ZIMBABWE – Talk of the country’s opposition political parties to coalesce and form a formidable force against President Robert Mugabe’s leadership in the forthcoming 2018 elections is important for all Zimbabweans keen to see change of tack to the Zanu PF governance style that has left people in a circle of poverty for a long time now.
But it is the opposition parties’ thinking that gets us nowhere. It appears the opposition leaders are already angling to position themselves at vantage points for purposes of leading the coalition as if it is given they will win against Mugabe.
It would be foolhardy for former Vice-President Joice Mujuru — who fronts the shadowy People First (PF) project — to consider herself the automatic leader of the grand opposition coalition in the making. Clearly, it would also not make sense for Mujuru, who is yet to register a political party, to immediately want to head for the driving seat in an amalgamation of parties — some of which have been in the trenches fighting Zanu PF’s misrule for years.
It is the parties’ warning to Mujuru that, however, shows a sense of mistrust among the opposition forces yet they all must be driven by a common goal.
Coalitions cannot succeed if people go in to seek lofty positions for themselves and their cronies. There has to be consensus on who leads the coalition.
The fact that Mujuru and her band of faithfuls that come across as disgruntled former Zanu PF members whose only reason for joining the opposition was solely because they had been fired from Zanu PF leaves them in a compromising position.
Mujuru maybe popular, yes, but what is stopping her from establishing herself by launching her political project? It appears that so far Mujuru has existed in the corridors more than on the ground. What of Didymus Mutasa? What of Rugare Gumbo? Will they inspire the confidence of voters seeking to dissociate themselves from everything Zanu PF — a system that this group has been part of for 35 long years?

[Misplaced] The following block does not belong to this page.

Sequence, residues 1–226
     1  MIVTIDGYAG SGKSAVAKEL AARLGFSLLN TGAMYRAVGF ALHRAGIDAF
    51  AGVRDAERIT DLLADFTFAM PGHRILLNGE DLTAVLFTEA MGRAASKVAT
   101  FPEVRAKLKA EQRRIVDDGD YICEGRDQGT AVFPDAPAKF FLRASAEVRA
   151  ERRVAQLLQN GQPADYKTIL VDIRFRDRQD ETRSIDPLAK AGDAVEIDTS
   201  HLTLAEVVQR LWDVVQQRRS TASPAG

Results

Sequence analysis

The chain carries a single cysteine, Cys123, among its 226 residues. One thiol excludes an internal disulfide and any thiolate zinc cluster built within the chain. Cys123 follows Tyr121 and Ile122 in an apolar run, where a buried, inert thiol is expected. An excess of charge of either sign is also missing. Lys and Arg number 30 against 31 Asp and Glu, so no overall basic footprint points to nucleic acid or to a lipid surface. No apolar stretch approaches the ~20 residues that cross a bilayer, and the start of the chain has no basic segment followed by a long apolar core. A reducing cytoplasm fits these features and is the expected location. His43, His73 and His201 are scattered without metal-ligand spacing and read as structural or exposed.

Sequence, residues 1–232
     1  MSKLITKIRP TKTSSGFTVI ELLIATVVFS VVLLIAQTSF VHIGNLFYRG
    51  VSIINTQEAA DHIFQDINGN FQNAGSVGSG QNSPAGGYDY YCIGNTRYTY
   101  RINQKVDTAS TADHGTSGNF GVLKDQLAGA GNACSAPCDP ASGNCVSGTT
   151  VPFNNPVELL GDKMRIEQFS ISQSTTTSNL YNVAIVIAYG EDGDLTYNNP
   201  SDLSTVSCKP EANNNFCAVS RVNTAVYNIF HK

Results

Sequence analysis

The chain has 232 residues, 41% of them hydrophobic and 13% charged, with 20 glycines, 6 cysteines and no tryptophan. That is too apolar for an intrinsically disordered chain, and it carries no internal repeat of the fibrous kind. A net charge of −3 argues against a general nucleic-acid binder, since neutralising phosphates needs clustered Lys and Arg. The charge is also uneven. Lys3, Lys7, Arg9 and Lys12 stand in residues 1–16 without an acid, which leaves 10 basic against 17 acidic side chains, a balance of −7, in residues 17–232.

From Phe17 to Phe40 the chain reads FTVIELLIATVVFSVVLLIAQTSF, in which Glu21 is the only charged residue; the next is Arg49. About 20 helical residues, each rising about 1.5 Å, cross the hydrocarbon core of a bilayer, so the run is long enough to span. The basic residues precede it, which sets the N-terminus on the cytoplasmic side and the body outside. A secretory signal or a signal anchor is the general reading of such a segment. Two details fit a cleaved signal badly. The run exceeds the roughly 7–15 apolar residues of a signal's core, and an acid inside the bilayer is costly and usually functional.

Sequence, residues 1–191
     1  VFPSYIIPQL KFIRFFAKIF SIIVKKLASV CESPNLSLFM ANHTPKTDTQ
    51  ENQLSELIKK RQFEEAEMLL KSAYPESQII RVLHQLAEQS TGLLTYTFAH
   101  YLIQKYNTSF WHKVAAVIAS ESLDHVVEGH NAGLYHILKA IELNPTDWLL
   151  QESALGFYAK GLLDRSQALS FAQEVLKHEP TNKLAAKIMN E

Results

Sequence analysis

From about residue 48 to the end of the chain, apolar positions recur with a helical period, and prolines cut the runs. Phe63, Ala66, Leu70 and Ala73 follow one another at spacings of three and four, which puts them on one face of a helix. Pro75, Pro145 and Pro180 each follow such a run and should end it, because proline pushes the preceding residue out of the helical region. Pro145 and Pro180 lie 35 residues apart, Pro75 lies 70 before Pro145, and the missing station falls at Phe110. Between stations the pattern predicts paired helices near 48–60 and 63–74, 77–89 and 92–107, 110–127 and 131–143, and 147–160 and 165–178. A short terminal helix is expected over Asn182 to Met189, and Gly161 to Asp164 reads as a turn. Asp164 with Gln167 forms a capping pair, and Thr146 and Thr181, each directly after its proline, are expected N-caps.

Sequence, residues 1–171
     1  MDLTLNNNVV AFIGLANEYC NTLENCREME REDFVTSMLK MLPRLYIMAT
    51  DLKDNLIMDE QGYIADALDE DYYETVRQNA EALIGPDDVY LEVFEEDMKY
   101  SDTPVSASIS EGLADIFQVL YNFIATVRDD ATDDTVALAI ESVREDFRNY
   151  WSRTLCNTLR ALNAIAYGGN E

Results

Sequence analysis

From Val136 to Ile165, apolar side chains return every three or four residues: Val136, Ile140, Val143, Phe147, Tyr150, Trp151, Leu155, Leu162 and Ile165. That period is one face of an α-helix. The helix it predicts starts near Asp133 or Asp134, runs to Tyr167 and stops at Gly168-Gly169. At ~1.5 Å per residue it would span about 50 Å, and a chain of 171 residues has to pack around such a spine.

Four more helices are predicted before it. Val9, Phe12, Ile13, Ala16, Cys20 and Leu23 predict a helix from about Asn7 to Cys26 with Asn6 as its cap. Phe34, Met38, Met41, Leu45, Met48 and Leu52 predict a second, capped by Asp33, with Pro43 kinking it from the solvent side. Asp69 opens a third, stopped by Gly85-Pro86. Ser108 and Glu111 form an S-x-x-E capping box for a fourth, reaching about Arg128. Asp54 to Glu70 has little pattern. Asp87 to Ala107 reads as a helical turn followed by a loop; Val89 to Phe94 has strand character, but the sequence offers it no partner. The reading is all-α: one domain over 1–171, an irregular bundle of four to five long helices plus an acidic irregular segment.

Although Mujuru may command respect within opposition circles, it takes much more than that to lead a grand coalition of opposition forces. Yet, Gumbo’s utterances point to power-hungry individuals and that does not augur well for the ex-Vice President’s image. On the other hand, Gumbo is clear of what they want, and going into the discussions indeed every party must have their candidate and if Mujuru wins the backing, there is no problem in her taking the leadership of the opposition. What is important is the fact that the decision would have been collective.
Zimbabweans are clear of what they want — many have had their aspirations shattered due to Zanu PF’s misrule and are, therefore, determined to upset the apple cart at the next general election given the ructions in the governing party.
So whether it is Mujuru, MDC-T leader Morgan Tsvangirai, People’s Democratic Party’s Tendai Biti or anybody else does not matter for as long as the candidate has the wherewithal to stop Mugabe’s misgovernance.
Therefore, the opposition including Mujuru, if she chooses to be identified as such, must be aware that pro-democracy politics demands people with a servant leadership mentality.
No doubt fighting as individual opposition parties will only divide the opposition vote and that could work to Mugabe’s advantage. If these opposition political leaders really have the country at heart as they would have us believe, then they will have to find a way of accommodating and embracing each other for the good of Zimbabwe.